In Sichuan, the bulk of the Giant Panda population lives, the research is carried out, and the breeding occurs. That's also the center of Giant Panda tourism.

 

However, there is another area, where no tourists are permitted, no breeding occurs, and Giant Pandas proliferate in peace, save for occasional observation by life science researchers from the local university.

 

As it happens, that's exactly where I work and live, in connection with the very department at the very university.

 

You and I are linked across the globe with a surprising common interest. 

 

Many, many hearty thanks for your entertaining and informative post. It was great fun to read!

 

Tom K.

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Great minds think alike, Tom!

 

I'm envious of your location, then.  On the odd chance you're out and about and just happen to come across a wild panda!  I say this only partially tongue-in-cheek because it is known to happen!  What if any encroachment on their territory is there?  I know it's considered a problem in the Sichuan area.

 

One other interesting tidbit...there seems to be two different panda agencies in China.  The one in Chengdu (which provides pandas to Atlanta and San Diego zoos, and to which they return when the leases are up) and the one in BiFengXia/Dujiangyan which loans out the pandas to DC, Memphis, Edinburgh, etc.  The charity that sponsored my trip there supports the Bifengxia base but we visited the other as well. I could only gather that they are different in that one is funded by the Forestry department and another by an Environmental department, but they're oddly ignorant of each other and tend not to collaborate.  Strange arrangement, I think.  If they pooled their resources....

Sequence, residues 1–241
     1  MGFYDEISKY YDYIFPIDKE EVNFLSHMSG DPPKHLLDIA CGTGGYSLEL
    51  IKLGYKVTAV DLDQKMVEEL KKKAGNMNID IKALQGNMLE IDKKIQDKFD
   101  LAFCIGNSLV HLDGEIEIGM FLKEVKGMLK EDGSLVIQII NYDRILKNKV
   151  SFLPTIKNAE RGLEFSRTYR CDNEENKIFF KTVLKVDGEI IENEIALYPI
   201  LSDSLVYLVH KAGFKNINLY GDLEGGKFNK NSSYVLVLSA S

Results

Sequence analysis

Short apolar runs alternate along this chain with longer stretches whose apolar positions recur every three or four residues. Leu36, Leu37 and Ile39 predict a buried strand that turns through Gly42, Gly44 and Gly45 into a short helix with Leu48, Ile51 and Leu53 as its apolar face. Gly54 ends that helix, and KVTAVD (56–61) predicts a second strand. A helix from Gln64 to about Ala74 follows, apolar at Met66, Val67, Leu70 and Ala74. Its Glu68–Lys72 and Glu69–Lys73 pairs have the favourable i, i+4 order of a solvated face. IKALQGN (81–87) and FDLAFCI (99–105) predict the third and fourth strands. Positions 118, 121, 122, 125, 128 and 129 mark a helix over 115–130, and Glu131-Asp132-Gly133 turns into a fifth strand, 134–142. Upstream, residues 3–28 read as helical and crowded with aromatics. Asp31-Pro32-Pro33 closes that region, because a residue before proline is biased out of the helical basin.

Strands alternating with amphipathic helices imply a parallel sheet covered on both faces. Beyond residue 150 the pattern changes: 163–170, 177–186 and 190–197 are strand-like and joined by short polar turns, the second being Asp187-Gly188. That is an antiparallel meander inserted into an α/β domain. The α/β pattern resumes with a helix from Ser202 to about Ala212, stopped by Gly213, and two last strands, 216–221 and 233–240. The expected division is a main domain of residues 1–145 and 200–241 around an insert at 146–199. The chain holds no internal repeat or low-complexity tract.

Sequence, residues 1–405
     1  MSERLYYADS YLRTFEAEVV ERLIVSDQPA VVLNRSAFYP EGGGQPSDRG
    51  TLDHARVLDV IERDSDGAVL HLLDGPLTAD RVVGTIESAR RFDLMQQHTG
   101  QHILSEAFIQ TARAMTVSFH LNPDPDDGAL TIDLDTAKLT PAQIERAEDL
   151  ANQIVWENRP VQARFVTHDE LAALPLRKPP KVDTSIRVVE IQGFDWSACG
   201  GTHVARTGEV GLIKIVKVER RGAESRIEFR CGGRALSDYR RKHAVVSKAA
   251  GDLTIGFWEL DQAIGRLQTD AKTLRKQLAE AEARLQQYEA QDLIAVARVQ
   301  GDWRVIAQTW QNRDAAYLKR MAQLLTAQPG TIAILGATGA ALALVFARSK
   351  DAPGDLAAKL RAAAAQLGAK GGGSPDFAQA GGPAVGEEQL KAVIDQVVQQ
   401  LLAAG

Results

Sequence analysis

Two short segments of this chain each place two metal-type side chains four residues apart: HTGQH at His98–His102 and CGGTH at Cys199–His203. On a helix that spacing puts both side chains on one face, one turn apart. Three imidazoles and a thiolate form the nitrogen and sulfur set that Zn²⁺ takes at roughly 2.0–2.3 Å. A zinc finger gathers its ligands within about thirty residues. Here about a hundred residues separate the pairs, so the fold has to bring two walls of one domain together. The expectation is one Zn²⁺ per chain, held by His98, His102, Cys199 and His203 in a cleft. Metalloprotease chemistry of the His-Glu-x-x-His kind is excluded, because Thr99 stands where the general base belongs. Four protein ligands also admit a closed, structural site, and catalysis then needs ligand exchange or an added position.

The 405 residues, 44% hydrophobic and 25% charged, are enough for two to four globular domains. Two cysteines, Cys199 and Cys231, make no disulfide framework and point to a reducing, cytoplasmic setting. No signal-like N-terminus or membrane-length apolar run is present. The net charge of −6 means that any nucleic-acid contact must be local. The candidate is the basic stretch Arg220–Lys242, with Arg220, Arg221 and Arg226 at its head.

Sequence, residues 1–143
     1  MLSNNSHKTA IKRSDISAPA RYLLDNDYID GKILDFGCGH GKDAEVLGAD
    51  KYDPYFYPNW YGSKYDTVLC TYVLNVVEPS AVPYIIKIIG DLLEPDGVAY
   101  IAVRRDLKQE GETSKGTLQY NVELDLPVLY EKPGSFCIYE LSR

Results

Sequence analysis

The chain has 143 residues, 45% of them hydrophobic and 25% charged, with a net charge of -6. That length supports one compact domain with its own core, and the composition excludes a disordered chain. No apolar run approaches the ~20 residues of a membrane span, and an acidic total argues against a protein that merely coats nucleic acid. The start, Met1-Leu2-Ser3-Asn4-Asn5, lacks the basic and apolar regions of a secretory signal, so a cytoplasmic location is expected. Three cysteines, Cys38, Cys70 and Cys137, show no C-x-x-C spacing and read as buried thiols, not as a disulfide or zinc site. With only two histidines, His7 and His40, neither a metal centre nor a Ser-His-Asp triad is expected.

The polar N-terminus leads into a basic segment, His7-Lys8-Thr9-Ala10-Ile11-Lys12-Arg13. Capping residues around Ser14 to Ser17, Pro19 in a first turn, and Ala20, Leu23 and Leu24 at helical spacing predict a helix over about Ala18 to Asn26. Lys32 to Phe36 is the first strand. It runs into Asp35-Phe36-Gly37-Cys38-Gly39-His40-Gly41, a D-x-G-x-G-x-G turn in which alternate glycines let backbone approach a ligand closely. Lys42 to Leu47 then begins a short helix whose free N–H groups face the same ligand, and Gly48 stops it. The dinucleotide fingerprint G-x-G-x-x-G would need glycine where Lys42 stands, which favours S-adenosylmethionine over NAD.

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Posted (edited)

~ @amybatt

 

This area is 100% off-limits to everyone, aside from local bonafide researchers, to provide an unperturbed habitat to both Giant Pandas and other species.

 

Encroachment is essentially non-existent, unlike in other natural areas in this country.

 

There's a well-established tradition here of non-interference...the ultimate “no go policy”.

 

Poaching here is unknown, not even clandestinely. No market, no local interest.

 

The forests are verdant, thick and steep, with a remarkable variety of tree species, ranging from wild gingko to spruce, to fir, to bananas.

 

The Giant Panda breeding/marketing agencies aren't allowed here, as it's under direct protection of the very “top”.

 

No tours. No photography guides for a fee. No local officials on a quick selfie with a Giant Panda jag.

 

Quiet. 

 

This is the absolute geographic center of this nation. There's a spiritual tradition which is invoked to protect what thrives here.

 

Yours truly relocated here for a reason, which may be fairly self-evident from the above.

 

I'm the one and only “foreigner” researcher in these parts, which is the reward for 17 years in the capital.

 

The Giant Panda sub-species here is Ailuropoda melanoleuca qinlingensis, which is somewhat smaller, with a brownish tinge on fur that's typically black.

 

Despite the assorted restrictions, prohibitions, deficiencies and coarse decorum, there are remarkable blessings from working here, including wonderfully clean air.

 

That's about as much as ought to be said. Thank you for the great post above!

 

Tom K.

Edited by Tom Kellie